By including Planned Generation Capacity Resources as projected internal capacity, PJM explained that it assumes that such resources will offer into the relevant auction. Thus, increases in projected internal capacity values are generally offset by the corresponding decrease in the CETO value. However, PJM explained that if certain Planned Generation Capacity Resources are included as projected internal capacity and modeled in the CETO but do not offer into the auction as anticipated, the LDA Reliability Requirement is overstated. PJM explained that it realized this flaw in the tariff when it attempted to clear the 2024/2025 BRA, when a large amount of Planned Generation Capacity Resources in the Delmarva Power & Light – South LDA that were expected to participate but then chose not to do so. PJM stated that, should it complete the 2024/2025 BRA under the current rules, the increase in capacity market clearing prices would not reflect the actual reliability needs of the Delmarva LDA and would force load-serving entities to procure more capacity than is needed (at a cost of over $100 million).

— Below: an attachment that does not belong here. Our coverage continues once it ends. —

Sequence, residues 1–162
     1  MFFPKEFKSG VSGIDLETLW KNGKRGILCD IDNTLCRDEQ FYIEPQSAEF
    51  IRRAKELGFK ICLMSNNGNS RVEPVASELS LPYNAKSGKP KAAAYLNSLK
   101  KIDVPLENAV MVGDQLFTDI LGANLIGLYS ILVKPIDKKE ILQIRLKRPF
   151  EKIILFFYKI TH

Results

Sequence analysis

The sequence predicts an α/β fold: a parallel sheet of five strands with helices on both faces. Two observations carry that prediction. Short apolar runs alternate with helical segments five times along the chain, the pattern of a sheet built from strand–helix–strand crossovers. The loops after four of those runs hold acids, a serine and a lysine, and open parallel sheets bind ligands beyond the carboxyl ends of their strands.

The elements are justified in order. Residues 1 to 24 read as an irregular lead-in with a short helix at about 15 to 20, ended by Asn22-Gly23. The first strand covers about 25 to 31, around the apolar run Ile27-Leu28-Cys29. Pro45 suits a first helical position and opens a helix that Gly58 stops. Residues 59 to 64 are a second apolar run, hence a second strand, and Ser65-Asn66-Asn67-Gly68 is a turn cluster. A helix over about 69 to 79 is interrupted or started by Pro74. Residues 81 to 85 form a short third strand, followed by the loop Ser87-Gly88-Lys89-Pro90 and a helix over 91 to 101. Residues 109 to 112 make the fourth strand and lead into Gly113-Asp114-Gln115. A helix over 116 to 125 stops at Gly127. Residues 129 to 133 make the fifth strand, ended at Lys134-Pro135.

PJM’s December 23, 2022 filing, therefore, proposed changes to allow PJM to exclude from the calculation of LDA Reliability Requirement any Planned Generation Capacity Resources that do not participate in the relevant auction if including them would increase the LDA Reliability Requirement by more than one percent. PJM argued that its proposed revisions should become effective one day after filing, such that the new rules would apply to the 2024/2025 BRA (for which bidding had already closed at the time of PJM’s filing). PJM concurrently filed a complaint alleging that the existing LDA Reliability Requirement, absent PJM’s proposed tariff revisions, would result in an unjust and unreasonable auction outcome.